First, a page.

Throw your plans out the window. We scoured the state in search of the top events and offerings, from the opera in Houston and Friday night lights in Odessa to surfing along the coast and hiking in the mountains. Here’s our super select guide to the things you absolutely can’t afford to miss.
[May 6–May 12]
Too many Texans waste their beer intake on Miller Lite or Lone Star. It’s not entirely their fault, though. The restrictions imposed on the increasing number of craft-brewers in the state make it hard for hops alchemists to spread the word about their sophisticated refreshments. “This state is somewhat dominated by foreign-owned macrobreweries that tout their product as American and have the funds to lobby the state government to suppress the growth of Texas’s independent breweries and brewpubs,” said Clif Wigington, organizer of the inaugural Texas Beer Fest, a beer bonanza featuring about two dozen Texas craft breweries and the finest domestics and imports. A proposal in the Texas House that would allow breweries to sell their product onsite, as is common with vineyards in Napa Valley, will hopefully change that. Another game-changer will be the fest’s Beer Dinners. These pairings of beer and food, hosted at fine restaurants around Houston, will enlighten the foodie community to a whole new set of options.
Humble Convention Center Arena, May 7, 1 p.m.
Photograph by Danny Clinch
Songs of Love and Hate
Lucinda Williams and Erika Wennerstrom (frontwoman for the rock band Heartless Bastards) took opposite paths to get to the same destination. Williams left Austin to get known. Wennerstrom moved to Austin for the same reason. But both singer-songwriters weave into their songs the same ups and downs of real-life relationships. Williams has done it over an eleven-album career, topped by her latest, Blessed. Meanwhile, The Mountain , the most recent album by Wennerstrom’s band, was essentially a break-up record. These women—the alt-country queen and the blues-rock princess—are role models for females and rock-and-roll fantasies for males. What’s even rarer than Wennerstrom performing solo, as Williams’s opener, is the inevitable duet that will be reason to save your ticket stub.
Stubb’s Bar-B-Q, May 7, 7 p.m.
The movie Top Gun convinced legions of teenagers to become fighter pilots. But most of these would-be Mavericks and Icemen changed their minds before they even got into flight school. The Central Texas Air Show, an exhibition of war crafts and stunt planes, is a way for them to relive their dreams—whether through the performers or the giveaway copies of the Top Gun DVD available to cross-promote the air show and movie’s joint twenty-fifth anniversary. While there aren’t any F-14 Tomcats in the show—the jets flown in Top Gun —there are F-16 Fighting Falcons. These stealthy, highly maneuverable jets have flown thousands of sorties in the Global War on Terrorism. Watching them execute stomach-churning drops and turns against the azure dome above Temple will no doubt inspire a new generation to want to get into a cockpit and patrol the skies for bad guys.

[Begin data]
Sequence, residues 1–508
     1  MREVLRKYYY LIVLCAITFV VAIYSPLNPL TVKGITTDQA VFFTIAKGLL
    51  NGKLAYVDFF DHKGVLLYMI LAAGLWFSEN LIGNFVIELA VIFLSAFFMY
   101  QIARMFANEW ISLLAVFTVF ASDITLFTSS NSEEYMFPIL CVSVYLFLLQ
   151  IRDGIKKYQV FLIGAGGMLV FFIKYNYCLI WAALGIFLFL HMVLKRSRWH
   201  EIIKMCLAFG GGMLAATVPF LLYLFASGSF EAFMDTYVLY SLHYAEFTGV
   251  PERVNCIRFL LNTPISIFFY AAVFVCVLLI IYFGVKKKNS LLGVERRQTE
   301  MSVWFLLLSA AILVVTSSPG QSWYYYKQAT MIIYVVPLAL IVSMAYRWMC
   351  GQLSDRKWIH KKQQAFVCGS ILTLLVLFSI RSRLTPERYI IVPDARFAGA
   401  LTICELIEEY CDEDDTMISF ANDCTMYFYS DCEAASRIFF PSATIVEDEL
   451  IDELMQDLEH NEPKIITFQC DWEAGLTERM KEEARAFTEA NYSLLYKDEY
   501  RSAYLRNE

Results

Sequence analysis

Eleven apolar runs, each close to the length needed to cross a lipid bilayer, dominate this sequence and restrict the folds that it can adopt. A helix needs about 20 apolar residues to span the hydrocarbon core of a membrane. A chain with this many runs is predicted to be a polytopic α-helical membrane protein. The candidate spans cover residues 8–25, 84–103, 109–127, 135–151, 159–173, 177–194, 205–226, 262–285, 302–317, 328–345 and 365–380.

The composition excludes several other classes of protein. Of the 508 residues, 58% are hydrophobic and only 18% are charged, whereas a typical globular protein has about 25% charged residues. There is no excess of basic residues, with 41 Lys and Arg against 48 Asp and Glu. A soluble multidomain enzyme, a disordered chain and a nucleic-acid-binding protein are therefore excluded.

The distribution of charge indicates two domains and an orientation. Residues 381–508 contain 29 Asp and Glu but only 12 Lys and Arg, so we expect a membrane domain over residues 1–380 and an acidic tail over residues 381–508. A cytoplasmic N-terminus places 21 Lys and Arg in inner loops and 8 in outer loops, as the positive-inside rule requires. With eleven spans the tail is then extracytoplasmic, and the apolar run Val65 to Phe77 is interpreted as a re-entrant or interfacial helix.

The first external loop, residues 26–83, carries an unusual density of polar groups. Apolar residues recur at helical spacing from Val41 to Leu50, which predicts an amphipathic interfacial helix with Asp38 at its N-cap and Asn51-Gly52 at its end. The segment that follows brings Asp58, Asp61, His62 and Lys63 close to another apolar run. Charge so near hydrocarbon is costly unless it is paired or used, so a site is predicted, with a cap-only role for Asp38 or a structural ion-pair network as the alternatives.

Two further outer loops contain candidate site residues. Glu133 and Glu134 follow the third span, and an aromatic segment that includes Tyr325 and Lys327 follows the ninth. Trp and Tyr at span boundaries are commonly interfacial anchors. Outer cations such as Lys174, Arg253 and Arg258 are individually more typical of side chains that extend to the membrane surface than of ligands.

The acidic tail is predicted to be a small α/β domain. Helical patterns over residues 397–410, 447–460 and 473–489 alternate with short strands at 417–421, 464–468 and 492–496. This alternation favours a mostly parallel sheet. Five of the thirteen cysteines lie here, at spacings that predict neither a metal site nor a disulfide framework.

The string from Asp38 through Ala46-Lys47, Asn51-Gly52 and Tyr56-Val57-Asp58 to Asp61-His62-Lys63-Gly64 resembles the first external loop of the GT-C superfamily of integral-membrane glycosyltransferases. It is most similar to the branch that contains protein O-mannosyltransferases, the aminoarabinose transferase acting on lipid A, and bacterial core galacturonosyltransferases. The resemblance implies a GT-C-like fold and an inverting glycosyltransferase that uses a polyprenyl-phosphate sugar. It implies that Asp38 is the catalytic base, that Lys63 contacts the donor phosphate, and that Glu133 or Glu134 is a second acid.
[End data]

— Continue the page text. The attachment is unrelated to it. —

Draughon-Miller Central Texas Regional Airport, May 6–8, various times.
Photograph courtesy of Marion County Chamber of Commerce
The Imaginary Battle
The Battle of Port Jefferson never happened. Yet one of the most celebrated Civil War reenactments in Texas is the Battle of Port Jefferson Re-enactment. Even Charles Chitwood, the event organizer, asked himself, when he was considering taking the job, what the point was of imagining the fight that would have happened, in 1864, had the Yanks not been sacked en route to pillaging the Confederate port. “Homage is really being paid to the men and women of that turbulent period in American history,” Chitwood said. “You will find among the reenactors many ardent—if often amateur—historians who also proudly trace their lineage to men who served their respective countries during the conflict.” The Port Jefferson reenactment is an anomaly in that many reenactors set up camp not in pastures on the outskirts of the hosting town, near the battlefield, but instead smack dab in the middle of downtown. This allows for even unsuspecting visitors to the brick-lined historic area an immersion into living history.
Various locations, May 6–8, various times.
Photograph courtesy of Texas State Railroad
Now that planes have been reduced to Greyhounds with wings, the airline industry doesn’t want passengers getting enamored with trains, which is what generally happens at Railfest, a weekend of railroading pride that uses a steam-locomotive tour of East Texas as bait to win converts to this old-school form of travel.
Rusk Depot, May 7 & 8, various times.
Photograph courtesy of VIVA! Cinco de Mayo
If the measure of a successful Cinco de Mayo celebration is its ability to keep the party going, then VIVA! Cinco de Mayo is tops by virtue of an annual contest it holds to see who makes the best menudo, which many enthusiasts insist can relieve even the grisliest hangover.
Hays County Civic Center, May 6–8, various times.
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Seven more gotta-see, gotta-do events that you can’t afford to miss.
By Olivia LaVecchia
The Old Pecan Street Festival
Threes abound at this year’s festival: Music on three stages, more than three hundred juried artists and artisans, and approximately 300,000 attendees are expected to enjoy the fun.
6th Street, from Brazos to I-35; May 7 & 8, 11 a.m.
The comedian returns to stand-up.
Winspear Opera House, May 6 & 7, various times.
Luis Bravo’s Forever Tango
Twelve dancers, one vocalist, and an eight-piece orchestra tell the story of the birth of tango.
Abraham Chavez Theatre, May 8, 4 p.m.
A family-friendly festival with all the usual trappings (arts, crafts, seven stages of live music and entertainment) and quirks like duck races, stiltwalkers, and an extreme trampoline show.
Trinity Park, May 5–8, various times.